“It’s an interesting thought… it remains to be seen.”

InDaily also reported last year that Digance was keen to make a return to Elder.

At the time, several insiders told InDaily that she picked up a nomination form and was taking soundings about challenging Nadia Clancy, who has been preselected to run at next year’s election.

InDaily has also seen emails sent by Digance to Labor Party officials in September, in which she requested a state candidate nomination pack to run for the House of Assembly.

Bevan told Digance that it “could be argued” that she had only spoken out about racism after “all the benefits of silence have been exhausted”.

He said: “You kept silent about this in 2014 when it was getting you elected, you kept quiet about this in 2018 when you could have spoken out again, and in the last three years you still haven’t spoken about it until now, when it’s quite clear that despite you talking to the ALP about a future, about being preselected – only after all those avenues were exhausted, only after you realised you did not have a future with the Labor Party – that’s when you spoke out”.

“You’re making it sound very simplistic,” Digance responded.

“Speaking out in these situations is not easy.”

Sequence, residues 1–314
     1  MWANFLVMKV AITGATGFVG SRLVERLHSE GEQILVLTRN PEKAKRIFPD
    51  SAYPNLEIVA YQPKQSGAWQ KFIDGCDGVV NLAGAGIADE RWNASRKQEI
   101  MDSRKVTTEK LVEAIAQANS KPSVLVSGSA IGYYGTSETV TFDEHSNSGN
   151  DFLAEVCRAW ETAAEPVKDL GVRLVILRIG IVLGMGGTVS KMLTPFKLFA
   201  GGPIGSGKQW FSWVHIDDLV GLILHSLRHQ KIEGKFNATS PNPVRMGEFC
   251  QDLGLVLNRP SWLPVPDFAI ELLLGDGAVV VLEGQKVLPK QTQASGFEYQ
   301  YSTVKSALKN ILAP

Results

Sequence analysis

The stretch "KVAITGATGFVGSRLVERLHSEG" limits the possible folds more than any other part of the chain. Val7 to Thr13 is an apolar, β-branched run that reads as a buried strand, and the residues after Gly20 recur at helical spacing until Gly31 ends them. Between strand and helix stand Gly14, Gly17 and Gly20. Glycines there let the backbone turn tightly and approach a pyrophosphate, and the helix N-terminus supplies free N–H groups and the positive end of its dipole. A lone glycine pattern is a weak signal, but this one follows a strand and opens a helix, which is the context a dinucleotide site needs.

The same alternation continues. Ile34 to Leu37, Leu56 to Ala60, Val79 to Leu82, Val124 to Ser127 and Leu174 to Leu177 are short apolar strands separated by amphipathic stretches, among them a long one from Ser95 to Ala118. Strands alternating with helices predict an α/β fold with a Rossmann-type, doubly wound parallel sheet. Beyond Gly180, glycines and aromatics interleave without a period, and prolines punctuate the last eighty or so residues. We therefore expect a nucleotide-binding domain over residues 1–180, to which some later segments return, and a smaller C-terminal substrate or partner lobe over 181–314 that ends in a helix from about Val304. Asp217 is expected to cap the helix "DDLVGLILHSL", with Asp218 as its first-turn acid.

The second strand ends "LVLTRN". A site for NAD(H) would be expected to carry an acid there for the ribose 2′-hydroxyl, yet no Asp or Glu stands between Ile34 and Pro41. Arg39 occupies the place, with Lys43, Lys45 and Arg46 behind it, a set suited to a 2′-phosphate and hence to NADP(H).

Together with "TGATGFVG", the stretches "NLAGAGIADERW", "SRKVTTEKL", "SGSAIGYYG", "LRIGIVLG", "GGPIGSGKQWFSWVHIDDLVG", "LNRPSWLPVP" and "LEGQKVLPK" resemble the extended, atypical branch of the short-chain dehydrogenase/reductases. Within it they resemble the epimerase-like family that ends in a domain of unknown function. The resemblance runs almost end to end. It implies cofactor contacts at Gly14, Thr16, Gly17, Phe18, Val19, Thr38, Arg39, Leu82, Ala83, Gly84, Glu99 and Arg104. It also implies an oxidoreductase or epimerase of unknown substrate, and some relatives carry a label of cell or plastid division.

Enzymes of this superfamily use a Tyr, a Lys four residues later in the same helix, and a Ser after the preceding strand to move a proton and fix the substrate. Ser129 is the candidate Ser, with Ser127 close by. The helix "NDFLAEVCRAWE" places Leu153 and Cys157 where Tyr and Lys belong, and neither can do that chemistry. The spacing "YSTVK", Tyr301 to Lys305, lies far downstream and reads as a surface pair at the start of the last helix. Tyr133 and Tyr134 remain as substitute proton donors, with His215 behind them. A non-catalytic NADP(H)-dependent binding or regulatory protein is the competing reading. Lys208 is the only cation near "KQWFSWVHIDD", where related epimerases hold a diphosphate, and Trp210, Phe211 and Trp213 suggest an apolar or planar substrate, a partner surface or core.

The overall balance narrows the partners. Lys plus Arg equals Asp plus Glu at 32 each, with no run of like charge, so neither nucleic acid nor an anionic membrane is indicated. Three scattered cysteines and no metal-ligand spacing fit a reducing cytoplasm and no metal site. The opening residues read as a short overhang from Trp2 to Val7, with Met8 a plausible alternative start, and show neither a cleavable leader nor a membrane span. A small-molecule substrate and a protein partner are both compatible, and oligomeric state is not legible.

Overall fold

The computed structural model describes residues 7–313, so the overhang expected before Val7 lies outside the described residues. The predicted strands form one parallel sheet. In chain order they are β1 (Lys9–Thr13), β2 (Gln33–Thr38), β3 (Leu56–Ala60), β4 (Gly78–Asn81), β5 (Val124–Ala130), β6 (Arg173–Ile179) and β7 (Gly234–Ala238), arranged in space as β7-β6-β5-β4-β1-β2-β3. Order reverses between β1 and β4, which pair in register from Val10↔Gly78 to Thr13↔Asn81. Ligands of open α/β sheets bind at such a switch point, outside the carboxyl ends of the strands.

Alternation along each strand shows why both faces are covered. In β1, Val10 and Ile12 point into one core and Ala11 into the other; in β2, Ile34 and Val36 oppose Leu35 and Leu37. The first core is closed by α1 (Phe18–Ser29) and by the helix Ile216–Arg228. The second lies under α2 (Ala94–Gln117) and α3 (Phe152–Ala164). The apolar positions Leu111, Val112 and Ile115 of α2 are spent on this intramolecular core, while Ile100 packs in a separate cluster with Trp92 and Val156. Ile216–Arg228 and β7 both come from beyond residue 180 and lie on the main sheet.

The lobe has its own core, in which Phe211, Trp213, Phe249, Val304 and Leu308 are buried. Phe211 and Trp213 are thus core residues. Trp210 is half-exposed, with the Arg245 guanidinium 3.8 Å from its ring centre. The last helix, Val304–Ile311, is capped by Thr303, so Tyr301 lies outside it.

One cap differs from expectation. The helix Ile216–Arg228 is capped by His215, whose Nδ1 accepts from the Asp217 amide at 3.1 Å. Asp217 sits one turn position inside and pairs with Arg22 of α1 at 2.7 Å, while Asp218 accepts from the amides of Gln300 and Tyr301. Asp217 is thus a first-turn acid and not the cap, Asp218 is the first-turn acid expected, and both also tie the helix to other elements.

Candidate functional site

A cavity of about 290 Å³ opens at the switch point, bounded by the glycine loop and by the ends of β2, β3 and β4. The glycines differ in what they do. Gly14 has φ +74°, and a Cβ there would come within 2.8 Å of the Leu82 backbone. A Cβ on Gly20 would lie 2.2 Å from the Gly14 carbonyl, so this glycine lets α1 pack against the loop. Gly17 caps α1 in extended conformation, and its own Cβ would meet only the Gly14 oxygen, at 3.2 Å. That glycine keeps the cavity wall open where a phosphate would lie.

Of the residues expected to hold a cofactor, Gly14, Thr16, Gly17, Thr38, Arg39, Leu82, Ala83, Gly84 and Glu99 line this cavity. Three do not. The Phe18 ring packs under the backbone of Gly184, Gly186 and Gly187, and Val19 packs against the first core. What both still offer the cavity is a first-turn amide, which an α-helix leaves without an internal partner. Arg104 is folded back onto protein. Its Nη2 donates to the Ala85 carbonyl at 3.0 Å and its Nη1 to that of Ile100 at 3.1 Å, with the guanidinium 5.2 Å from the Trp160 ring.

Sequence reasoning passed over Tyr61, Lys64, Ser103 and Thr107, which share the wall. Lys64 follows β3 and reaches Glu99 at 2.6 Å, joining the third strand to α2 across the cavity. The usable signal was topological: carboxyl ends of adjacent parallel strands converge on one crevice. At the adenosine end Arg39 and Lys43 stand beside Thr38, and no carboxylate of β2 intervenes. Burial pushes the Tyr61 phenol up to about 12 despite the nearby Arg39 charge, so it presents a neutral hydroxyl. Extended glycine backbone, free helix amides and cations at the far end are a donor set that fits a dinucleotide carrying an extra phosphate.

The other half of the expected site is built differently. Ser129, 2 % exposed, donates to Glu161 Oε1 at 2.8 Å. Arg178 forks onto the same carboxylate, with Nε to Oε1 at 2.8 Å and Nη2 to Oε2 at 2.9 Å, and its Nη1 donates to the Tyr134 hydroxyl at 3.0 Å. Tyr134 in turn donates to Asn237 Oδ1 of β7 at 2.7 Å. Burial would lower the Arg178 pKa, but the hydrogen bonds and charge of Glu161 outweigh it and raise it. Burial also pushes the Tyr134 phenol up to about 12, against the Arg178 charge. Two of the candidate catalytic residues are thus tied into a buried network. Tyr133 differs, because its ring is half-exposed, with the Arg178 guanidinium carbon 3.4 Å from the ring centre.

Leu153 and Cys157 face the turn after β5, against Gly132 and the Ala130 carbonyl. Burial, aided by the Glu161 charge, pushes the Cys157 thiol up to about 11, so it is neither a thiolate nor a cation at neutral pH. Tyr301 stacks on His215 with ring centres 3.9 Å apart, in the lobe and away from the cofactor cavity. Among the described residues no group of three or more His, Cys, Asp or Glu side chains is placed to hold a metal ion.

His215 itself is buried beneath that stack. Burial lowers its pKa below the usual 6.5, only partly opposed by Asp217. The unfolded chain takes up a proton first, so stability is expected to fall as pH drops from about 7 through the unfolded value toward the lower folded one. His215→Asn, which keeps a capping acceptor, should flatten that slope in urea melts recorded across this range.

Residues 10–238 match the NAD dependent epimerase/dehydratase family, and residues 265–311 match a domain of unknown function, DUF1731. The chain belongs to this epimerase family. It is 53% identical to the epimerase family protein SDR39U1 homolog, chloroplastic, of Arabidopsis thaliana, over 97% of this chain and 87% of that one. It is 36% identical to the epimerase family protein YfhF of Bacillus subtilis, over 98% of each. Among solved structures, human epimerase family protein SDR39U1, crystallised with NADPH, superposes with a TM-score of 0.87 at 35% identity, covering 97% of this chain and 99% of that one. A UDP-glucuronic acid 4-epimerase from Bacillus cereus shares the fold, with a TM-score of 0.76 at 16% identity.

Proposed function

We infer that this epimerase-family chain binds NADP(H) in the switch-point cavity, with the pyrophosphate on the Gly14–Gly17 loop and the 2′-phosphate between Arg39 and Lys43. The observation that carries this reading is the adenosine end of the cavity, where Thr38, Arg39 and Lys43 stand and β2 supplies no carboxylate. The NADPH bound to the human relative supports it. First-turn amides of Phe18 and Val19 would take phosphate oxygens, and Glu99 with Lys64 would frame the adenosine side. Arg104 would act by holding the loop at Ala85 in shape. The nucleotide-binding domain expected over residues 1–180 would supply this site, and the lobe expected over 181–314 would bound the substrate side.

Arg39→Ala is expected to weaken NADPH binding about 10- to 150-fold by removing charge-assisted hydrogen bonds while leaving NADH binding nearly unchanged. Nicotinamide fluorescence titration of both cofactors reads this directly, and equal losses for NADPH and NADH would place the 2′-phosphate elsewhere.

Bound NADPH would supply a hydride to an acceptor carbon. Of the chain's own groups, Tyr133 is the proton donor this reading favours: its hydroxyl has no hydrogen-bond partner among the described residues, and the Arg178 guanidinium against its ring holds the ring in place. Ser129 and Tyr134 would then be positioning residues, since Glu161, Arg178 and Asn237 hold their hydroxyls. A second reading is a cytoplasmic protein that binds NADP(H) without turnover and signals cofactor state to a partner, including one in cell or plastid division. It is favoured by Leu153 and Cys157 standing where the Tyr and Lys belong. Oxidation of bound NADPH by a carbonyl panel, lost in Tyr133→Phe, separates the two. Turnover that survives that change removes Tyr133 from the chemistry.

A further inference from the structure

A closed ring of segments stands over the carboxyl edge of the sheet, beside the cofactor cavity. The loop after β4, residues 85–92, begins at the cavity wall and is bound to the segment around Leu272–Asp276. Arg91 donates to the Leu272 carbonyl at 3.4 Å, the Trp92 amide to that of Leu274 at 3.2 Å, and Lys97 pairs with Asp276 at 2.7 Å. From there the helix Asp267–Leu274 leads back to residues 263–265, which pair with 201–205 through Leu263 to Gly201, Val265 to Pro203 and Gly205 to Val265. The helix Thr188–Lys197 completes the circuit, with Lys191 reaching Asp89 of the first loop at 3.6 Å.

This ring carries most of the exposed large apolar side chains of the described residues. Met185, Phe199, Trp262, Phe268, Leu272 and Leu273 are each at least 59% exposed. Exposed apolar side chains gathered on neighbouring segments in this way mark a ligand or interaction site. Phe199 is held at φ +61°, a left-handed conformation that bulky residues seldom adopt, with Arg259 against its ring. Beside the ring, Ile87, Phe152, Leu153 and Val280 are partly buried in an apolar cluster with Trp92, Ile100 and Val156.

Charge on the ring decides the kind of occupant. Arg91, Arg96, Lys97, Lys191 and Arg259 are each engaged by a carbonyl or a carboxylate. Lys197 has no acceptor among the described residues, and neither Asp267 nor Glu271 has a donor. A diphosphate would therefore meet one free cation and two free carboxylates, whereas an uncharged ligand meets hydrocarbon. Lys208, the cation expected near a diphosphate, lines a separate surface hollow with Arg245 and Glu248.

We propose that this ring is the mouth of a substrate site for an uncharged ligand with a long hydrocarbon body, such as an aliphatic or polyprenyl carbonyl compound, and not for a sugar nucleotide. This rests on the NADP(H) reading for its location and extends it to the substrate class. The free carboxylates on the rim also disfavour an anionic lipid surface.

InDaily contacted Labor state secretary Reggie Martin, Picton and Labor leader Peter Malinauskas for comment.

Martin said Digance had contacted him a “number of times” since the 2018 state election to “express interest in preselection for the Labor Party at both the state and federal levels”.

He referred InDaily to comments he provided to the ABC yesterday, in which he said he said did not design the flyer but he did approve it.

“I am sorry that the flyer that [was] put out did cause distress — that was never my intention,” he reportedly said.

“I looked at it, I studied it, checked it and proofed it and in that time … It didn’t come across my mind that it had any racist intention, so I did authorise and sign off that piece.

“I actually fact-checked and proofed it, so I checked the spelling and I think I made a correction to one of the claims around council policy, or something like that, but it just did not click that there was a racist intention to that flyer.”

A spokesperson for Peter Malinauskas referred InDaily’s enquiry to Martin.

Picton did not respond to InDaily before deadline.